Nevertheless, the rabbi wanted to thank the terrorist who tried to kill him. Why??? And this is what he wrote: When the doctors studied the x-rays in order to see the exact details of the injury, they noticed something else in addition to what the knife had done. They noticed unusual sick cells. They examined them and found that they were malignant cells of a terrible illness near one of his vital organs, cells that were beginning to develop and do their horrendous damage – though he had absolutely no pain or other signs of illness at all. Yes, until the stabbing, the rabbi felt totally fine. And yet there was a dreaded disease developing inside him.

When the rabbi woke up after the surgery, the doctors told him that boruch Hashem the operation was successful and he was completely out of danger. And then they told him about the malignant cells they had discovered while preparing for surgery and that considering the specific type of sick cells and where they were located, those particular cells would have proliferated so quickly that by the time he would have any signs of illness, it would have been too late, absolutely impossible for the doctors to save his life. At that point, which would have been quite soon, he would have only a few weeks left before he would succumb to the illness G-d forbid.

And so it was that the rabbi thanked the bestial terrorist for his sick act of atrocity, for it was precisely that act which became the extraordinary link to the doctors’ saving the rabbi’s life. Yes, according to a natural, cause-and-effect explanation, it was the stabbing that led to the disease being inadvertently discovered at an early enough stage to save him. If not, he wouldn’t be here today.

Rabbi Menachem Stein told this story in Eretz Yisrael while speaking about the fact that absolutely everything that happens is good. “No doubt,” he said, “when the rabbi felt the stabbing, he surely felt that it was terrible and as he experienced the pain and fear, maybe he even had a bad thought, such as that it wasn’t fair that it happened to him. But it didn’t take much time, just a couple of hours, till he knew that what had happened was good! It wasn’t pleasant, but it led to absolute goodness. His life was saved!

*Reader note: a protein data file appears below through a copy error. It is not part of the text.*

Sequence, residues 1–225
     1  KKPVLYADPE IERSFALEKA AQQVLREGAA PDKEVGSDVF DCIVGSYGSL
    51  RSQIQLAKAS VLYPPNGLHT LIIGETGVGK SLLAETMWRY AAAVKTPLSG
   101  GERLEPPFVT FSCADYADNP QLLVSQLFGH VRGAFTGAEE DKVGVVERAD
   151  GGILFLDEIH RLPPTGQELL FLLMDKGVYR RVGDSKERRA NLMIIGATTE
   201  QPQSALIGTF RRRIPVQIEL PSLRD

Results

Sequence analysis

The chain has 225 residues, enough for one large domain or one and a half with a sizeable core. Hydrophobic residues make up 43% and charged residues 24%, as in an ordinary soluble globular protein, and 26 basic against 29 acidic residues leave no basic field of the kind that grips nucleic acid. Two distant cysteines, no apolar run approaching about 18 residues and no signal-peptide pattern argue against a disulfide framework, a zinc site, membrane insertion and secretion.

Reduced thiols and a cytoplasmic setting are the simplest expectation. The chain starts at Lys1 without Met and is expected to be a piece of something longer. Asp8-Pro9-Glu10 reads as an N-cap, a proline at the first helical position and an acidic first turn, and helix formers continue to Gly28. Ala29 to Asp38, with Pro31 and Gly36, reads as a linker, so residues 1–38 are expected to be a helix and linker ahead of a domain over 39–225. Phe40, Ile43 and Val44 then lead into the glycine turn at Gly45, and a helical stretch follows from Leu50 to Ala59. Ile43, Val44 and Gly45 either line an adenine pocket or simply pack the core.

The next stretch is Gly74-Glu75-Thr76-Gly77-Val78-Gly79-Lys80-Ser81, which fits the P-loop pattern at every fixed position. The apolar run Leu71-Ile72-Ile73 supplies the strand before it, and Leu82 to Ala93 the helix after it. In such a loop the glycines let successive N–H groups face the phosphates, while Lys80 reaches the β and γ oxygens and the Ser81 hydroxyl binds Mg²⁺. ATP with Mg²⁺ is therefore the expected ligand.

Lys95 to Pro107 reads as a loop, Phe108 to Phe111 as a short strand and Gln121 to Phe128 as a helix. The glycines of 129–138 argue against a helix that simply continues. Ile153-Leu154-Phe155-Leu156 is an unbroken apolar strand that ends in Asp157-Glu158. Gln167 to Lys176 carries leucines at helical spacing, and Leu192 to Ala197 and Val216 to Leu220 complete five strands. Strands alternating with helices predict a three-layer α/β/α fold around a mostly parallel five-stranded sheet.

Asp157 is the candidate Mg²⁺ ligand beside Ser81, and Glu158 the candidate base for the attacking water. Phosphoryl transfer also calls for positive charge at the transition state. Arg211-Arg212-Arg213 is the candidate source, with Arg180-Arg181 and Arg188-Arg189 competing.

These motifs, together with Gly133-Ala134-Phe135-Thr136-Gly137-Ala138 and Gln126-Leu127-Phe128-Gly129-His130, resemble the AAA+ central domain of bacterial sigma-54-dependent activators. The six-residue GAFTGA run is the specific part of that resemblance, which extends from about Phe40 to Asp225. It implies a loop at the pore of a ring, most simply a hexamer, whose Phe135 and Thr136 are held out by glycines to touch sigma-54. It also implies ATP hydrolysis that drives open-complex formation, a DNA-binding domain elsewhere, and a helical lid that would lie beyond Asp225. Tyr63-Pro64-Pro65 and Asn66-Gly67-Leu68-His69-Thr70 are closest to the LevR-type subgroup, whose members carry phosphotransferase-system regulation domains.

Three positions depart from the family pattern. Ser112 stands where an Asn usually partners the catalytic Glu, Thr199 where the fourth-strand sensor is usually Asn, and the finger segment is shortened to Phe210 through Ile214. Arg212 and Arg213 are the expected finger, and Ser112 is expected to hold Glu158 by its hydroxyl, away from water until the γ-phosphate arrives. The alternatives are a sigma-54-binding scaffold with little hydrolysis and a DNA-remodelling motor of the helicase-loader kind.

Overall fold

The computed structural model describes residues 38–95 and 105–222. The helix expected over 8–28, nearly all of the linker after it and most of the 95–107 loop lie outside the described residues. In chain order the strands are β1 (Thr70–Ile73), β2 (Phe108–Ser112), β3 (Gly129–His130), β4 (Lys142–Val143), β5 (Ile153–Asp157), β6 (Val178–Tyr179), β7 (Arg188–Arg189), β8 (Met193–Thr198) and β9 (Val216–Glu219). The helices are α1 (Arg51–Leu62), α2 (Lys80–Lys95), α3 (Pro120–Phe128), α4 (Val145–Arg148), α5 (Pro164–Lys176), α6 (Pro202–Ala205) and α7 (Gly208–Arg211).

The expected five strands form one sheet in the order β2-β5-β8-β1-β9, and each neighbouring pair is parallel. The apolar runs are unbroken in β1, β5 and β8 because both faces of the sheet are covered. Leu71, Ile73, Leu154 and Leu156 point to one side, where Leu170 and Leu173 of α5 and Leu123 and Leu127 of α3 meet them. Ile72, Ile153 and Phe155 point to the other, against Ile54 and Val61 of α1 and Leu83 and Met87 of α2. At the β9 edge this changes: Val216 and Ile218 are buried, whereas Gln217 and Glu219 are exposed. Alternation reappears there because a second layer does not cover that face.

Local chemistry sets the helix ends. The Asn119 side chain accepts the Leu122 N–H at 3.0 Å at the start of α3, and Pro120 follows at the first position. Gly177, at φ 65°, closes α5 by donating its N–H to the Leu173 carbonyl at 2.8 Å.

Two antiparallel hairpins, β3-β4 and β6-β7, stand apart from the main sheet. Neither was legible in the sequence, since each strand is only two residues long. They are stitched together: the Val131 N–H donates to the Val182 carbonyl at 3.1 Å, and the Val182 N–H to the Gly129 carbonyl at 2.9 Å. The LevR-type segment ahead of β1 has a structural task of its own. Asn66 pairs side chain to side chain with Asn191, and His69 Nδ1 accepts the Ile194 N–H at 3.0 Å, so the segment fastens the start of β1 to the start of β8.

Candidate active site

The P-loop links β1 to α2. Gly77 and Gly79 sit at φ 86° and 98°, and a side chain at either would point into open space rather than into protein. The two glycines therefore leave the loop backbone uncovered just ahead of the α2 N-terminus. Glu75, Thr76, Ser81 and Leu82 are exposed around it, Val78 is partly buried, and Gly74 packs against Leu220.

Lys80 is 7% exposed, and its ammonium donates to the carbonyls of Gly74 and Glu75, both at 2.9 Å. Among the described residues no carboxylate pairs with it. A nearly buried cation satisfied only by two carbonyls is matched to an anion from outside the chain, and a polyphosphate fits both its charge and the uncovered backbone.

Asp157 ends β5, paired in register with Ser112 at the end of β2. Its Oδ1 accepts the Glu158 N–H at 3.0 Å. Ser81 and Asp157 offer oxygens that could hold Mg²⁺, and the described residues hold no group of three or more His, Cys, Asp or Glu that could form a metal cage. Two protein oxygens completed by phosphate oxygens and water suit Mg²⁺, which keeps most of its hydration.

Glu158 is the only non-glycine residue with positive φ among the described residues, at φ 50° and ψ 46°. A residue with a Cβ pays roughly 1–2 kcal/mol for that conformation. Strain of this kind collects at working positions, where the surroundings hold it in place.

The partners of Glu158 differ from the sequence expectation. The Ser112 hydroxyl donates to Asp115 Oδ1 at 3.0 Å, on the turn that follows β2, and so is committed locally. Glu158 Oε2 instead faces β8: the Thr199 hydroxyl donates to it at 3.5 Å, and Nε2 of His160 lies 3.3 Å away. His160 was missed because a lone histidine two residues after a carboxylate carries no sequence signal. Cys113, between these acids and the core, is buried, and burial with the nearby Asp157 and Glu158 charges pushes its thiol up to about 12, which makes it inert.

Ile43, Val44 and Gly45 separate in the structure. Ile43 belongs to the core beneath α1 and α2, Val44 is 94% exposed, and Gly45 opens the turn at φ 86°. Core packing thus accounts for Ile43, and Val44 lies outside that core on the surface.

Rabbi Stein continued: “Sometimes Hashem allows us to see and comprehend in a short period of time, that what seemed very bad was actually absolutely good. We don’t always see that though. But even when we don’t, we must remember that everything that Hashem does is for the good.”

The doctors told the rabbi: “You should send the terrorist a letter of thanks for it was he who led to your life being saved.” But the rabbi knew that this was no coincidence that could be concluded with a joke about thanking the terrorist. He knew absolutely that it was his Father in Heaven who orchestrated this extraordinary chain of events in order to save his life. And so his ‘letter of thanks’ was to Hashem, and it was displayed publicly for all to read to remind us that even the seemingly worst events are l’tova, ‘for the good.’ Sometimes we never see the goodness, but we believe that it’s there because we believe that everything Hashem does is for our benefit. Sometimes we don’t see the goodness, not even long after the event. Not in this lifetime, anyway. But still we believe that everything that Hashem does is good. And this poster was printed to remind us of that.


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Naomi Brudner, M.A., lives in Yerushalayim where she writes, counsels and practices Guided Imagery for health, including for stroke patients.